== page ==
Question

Common Purpose

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1 minutes of reading

It is true that democracy can indeed be slow to respond to a crisis, but look how fast the US government moved in the wake of the 9-11 attacks. Whether you liked or disliked those post-attack outcomes, you had to admire how spry all the actors suddenly became when there was truly a crisis.

I believe that many people simply don’t think there is a big environmental crisis. Global warming, sinking islands and melthing glaciers do not (yet, anyway) seem to have moved people quite the same way that burning rivers or smog once did. One of the most discouraging things for me was the recognition that the two major candidates barely discussed these concerns in their televised debates.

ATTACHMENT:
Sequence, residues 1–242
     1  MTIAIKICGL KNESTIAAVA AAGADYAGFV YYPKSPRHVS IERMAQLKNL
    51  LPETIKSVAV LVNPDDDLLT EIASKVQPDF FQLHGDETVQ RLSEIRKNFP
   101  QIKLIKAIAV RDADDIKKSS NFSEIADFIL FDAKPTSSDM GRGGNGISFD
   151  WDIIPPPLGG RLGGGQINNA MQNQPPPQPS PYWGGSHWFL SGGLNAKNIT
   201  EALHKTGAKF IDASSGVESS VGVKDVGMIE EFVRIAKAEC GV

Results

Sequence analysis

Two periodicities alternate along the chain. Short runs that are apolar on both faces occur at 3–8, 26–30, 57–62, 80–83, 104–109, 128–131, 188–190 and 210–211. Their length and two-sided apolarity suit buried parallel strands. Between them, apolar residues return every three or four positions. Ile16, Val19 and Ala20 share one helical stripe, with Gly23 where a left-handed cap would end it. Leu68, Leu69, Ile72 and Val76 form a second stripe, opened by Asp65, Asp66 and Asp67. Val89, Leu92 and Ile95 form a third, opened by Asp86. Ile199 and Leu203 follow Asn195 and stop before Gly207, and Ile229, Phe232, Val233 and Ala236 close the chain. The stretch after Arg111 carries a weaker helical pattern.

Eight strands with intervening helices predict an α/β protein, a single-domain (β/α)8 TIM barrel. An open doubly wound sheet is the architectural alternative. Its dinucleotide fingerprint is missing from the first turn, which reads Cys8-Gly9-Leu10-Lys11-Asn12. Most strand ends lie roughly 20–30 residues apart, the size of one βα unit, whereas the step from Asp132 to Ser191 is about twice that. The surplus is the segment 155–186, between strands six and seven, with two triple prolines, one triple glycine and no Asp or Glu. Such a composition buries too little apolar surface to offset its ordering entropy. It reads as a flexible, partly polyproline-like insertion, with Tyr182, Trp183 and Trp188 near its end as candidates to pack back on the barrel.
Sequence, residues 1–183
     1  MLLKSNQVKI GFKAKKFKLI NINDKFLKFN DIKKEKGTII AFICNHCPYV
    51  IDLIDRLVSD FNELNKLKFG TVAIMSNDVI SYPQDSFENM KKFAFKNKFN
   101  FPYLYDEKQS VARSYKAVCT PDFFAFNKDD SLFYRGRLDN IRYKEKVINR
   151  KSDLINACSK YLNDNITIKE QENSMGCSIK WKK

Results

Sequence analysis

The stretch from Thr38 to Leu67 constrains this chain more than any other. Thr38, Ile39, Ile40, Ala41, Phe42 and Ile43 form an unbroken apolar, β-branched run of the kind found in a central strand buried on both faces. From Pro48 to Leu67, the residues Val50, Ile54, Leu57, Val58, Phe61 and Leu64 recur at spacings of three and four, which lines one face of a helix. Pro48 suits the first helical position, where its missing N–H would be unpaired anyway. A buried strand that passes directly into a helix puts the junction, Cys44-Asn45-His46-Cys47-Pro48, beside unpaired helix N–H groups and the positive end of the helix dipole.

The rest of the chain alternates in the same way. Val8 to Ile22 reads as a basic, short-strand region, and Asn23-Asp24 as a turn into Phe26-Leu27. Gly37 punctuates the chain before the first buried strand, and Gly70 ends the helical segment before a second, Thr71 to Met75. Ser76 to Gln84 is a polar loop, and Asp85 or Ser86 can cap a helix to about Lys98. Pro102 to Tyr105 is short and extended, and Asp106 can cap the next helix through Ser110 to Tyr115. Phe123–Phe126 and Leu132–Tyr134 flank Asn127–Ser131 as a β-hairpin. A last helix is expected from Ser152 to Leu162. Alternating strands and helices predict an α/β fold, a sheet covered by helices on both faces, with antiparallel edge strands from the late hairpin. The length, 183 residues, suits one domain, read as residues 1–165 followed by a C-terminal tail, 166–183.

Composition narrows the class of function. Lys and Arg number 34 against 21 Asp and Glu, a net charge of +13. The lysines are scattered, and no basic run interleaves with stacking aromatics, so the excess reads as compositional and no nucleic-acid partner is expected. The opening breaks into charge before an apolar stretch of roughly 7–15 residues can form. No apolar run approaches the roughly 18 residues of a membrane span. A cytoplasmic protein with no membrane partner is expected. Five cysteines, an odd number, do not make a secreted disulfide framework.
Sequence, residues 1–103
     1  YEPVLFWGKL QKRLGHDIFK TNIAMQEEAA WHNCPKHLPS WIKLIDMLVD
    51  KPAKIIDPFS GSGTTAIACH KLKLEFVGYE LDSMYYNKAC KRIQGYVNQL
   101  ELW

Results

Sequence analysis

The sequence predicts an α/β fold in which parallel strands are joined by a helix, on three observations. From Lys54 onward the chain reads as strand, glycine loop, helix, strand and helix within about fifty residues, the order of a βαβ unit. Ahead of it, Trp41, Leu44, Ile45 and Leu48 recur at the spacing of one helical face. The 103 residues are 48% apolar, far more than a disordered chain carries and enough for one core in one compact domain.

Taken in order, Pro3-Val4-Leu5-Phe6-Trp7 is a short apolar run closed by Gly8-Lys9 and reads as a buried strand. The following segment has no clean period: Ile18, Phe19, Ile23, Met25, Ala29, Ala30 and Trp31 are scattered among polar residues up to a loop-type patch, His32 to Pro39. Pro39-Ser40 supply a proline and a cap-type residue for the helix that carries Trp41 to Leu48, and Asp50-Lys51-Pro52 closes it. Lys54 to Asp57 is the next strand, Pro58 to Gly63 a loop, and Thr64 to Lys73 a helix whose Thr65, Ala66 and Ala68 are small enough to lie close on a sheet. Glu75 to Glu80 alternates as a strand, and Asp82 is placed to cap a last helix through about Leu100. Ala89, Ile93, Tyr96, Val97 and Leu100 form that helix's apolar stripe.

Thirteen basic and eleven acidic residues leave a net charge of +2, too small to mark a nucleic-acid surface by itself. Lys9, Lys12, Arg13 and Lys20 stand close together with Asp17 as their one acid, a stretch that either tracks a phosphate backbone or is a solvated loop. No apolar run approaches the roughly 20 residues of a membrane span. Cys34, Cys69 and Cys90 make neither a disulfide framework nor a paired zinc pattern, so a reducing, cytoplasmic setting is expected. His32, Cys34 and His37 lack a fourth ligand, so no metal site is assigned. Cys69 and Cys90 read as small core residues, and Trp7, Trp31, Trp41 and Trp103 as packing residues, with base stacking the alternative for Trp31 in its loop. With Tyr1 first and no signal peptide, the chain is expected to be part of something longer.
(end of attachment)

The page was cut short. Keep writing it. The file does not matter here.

My goodness, I would have loved for them to say what their concerns were for global warming, never mind what happened at Fukushima. Never mind the several other major troubling environmental trends (deforestation, depletion of the seas, over-population, etc) that barely get a blip beyond forums like this one!

I think democracy can work well in a crisis, when there is a sense of common purpose. Will we ever reach that point?

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